Charter school collapse? What Should Be Done?

As many of you know, the League in Florida has been urging improvements in charter school business practices.  In this report by professors Baker, Green, and Oluwole, you will find a list of specific charter management problems and recommendations to remedy them.  We checked with Professor Green to see if the for-profit charter business practices we find in Florida correlate with those in the report.  Based on our study, he replied that it appears they do.  I am so grateful for their work.  It gives us a framework.

I hope every school district digests this list.  They can help communicate the solutions for the pending threat for a financial collapse.

 

 

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Time is Money or Maybe Not!

wrist-watch-941249_640Suppose you are a really good teacher and can prove it.  You notice that a neighboring district has a pay for performance plan where high quality teachers with less experience earn more money than average teachers with more experience.  Would you change districts?  In today‘s Gainesville Sun, a local economist, Dave Denslow, summarized a study by Barbara Biasi, a Stanford graduate student, who compared school districts in Wisconsin that used a ‘pay for performance plan‘ with districts that did not.   The result?

 

 

 

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Teachers vote with their feet

teacher-403004_1280 (1)Does eliminating tenure makes any difference in the quality of the teacher workforce (as judged by achievement test score gains)?  The Brookings Institute published an article that sheds some light on the impact prior to 2011.  By comparing the departure rate of teachers with lower gain scores to those with higher gain scores, one would expect more lower rated teachers to leave.

 

 

 

 

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Florida Gets an ‘F’ Again

FAILED1Which states get it right?  Not Florida.  It was one of eight states that received an overall grade of ‘F’ when its grades were averaged across the categories studied.   The Network for Public Education rated states based on six criteria.

For each category, I combined the percentages of A, B and C grades received across states.  I was surprised at the results.  Relatively few states (11) use test scores to punish students and teachers, but Florida is one of those that do.  You can see the combined percentages (think of them as passing scores) at the end of each of the criteria.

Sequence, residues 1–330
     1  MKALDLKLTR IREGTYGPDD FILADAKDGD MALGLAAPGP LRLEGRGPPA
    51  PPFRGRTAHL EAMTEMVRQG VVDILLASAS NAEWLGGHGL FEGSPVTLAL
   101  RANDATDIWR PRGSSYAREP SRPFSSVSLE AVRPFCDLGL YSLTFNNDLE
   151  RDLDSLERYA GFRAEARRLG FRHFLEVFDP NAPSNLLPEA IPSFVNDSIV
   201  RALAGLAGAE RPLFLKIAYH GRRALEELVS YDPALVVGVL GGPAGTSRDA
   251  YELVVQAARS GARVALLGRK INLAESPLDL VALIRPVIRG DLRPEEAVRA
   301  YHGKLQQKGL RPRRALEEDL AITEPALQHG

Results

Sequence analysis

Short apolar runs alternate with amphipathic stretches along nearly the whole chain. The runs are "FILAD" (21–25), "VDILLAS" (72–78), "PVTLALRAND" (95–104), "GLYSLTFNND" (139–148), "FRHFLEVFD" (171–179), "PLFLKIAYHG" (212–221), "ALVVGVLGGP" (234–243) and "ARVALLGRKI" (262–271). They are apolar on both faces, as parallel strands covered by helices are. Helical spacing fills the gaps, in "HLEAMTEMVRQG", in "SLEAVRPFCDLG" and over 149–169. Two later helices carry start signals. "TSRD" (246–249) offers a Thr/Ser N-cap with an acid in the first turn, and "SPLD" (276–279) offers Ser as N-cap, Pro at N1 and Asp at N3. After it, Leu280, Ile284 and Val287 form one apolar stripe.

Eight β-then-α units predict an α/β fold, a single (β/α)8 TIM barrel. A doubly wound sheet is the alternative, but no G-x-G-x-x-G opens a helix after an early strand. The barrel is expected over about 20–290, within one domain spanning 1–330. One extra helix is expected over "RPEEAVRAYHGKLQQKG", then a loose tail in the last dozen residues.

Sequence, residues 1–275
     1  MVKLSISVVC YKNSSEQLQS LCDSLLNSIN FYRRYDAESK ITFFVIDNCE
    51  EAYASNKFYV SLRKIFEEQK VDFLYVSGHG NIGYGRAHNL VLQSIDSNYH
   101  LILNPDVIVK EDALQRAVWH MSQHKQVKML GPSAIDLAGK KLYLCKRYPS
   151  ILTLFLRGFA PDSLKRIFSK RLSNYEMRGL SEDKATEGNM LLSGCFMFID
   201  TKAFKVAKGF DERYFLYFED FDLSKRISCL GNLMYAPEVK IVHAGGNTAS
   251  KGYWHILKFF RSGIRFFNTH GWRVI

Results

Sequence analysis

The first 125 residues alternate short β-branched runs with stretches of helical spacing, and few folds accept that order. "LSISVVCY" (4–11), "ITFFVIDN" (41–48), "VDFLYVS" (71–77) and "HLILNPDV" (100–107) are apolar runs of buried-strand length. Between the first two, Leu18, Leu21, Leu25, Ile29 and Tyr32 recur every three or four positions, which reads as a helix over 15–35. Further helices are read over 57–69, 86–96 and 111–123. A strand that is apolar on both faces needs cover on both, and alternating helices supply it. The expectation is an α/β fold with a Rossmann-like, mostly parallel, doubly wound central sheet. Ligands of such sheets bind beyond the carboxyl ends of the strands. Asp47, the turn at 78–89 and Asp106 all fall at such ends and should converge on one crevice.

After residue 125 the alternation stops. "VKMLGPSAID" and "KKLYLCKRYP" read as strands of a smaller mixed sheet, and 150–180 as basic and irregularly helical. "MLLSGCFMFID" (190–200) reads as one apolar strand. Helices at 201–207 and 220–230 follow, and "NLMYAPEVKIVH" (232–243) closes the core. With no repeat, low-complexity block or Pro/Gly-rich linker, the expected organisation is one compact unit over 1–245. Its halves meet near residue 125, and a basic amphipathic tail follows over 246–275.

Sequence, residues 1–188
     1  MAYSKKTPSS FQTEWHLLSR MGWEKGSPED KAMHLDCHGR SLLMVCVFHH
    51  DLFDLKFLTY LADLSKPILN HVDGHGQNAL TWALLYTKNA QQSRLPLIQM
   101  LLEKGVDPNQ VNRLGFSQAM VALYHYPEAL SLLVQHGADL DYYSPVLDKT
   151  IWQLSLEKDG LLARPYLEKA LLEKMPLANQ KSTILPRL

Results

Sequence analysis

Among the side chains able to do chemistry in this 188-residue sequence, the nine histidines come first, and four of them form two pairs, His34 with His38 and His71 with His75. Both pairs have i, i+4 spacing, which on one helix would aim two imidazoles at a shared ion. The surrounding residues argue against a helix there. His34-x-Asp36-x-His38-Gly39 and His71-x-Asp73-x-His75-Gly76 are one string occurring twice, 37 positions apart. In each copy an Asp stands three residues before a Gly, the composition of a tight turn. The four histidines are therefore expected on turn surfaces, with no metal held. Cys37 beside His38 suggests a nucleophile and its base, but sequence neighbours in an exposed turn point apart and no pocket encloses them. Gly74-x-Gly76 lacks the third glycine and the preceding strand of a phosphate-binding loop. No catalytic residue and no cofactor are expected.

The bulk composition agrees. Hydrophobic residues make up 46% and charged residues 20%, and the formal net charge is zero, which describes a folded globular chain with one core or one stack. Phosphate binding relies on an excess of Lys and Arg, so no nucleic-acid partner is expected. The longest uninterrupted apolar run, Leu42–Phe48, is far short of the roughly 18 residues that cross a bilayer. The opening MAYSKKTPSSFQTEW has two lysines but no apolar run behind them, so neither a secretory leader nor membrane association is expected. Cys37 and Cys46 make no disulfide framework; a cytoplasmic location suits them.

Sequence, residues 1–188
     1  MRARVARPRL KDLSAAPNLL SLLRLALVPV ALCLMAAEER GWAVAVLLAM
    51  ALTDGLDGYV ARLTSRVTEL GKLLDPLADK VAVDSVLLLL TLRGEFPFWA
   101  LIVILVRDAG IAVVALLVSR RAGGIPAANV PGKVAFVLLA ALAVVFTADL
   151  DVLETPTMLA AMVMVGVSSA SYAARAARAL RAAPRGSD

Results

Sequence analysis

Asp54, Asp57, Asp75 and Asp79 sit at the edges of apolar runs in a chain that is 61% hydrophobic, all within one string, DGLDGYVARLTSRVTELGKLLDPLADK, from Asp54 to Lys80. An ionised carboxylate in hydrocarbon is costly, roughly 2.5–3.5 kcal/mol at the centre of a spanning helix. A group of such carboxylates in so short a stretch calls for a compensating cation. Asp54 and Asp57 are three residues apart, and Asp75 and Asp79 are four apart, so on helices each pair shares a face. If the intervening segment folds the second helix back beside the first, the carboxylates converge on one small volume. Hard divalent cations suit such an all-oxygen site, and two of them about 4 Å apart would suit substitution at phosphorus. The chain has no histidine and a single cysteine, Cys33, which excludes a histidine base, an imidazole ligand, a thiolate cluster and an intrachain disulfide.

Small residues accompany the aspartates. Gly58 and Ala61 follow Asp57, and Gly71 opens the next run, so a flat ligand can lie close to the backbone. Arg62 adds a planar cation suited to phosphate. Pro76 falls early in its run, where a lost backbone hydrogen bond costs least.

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Equity: For each and every child

board-1065698_1280 (1)Equity means providing resources, not just equally, but adequately for all children to succeed.   There is no ‘one size fits all’ curriculum.  Yet, there is a tension between providing opportunity for all students, regardless of their backgrounds, and the efficient allocation of limited resources.  School choice was supposed to give better options, but too often, the choices are no different and ineffective.

The Citizens for Strong Schools lawsuit in Florida is about equity, but this is also a national issue.  I found a blue ribbon panel report that addresses equity and provides direction for educational policy.

In time, Florida may be required to focus on these six directions.  They give us a vision of what could be.

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Making Informed Decisions About Charters: Apples are not oranges

fruit-424182_1280Comparisons between traditional public and charter schools have little meaning.  In an article entitled: Making School Choice Easier in today’s New York Times, charter school operators made concrete proposals to improve charter school achievement data.

Representatives of New Visions for Public Schools offer four ways to help parents make more informed decisions about the effectiveness of charter schools.  New Visions are charter schools located in New York.  They are non-profit.

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Class Size Policies: Charters Avoid Mandate But Public Schools Can’t?

john leggIt is curious that Senator Legg believes that charter schools should escape class size mandates, but public schools are exploiting loop holes if they have the same flexibility.

There are times when, under the guise of flexibility, school choice is simply a way to avoid laws designed to protect the interests of children.  Class size was mandated by voters in 2002 in the Florida constitution.  Charters were able to use a school average class size but not district schools.

Laws implementing the amendment should be applied to all schools in the same way.  They are not.  Schools of Choice play by different rules.  Districts want the same flexibility as charter schools.  They found a way, but  now Senator Legg wants to close that option for school districts.

 

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A.I.E. Latest Report on Charters: Advocacy or Research?

sherlock-holmes-462978_1280Sorting out hype vs. evidence can be a challenge.  The latest American Enterprise Institute report: Measuring Diversity in Charter School Offerings claims that charters should be expanded.  In fact, deregulation of charters increases diversity in charter offerings.  See what you think after you read the review from N.E.P.C.

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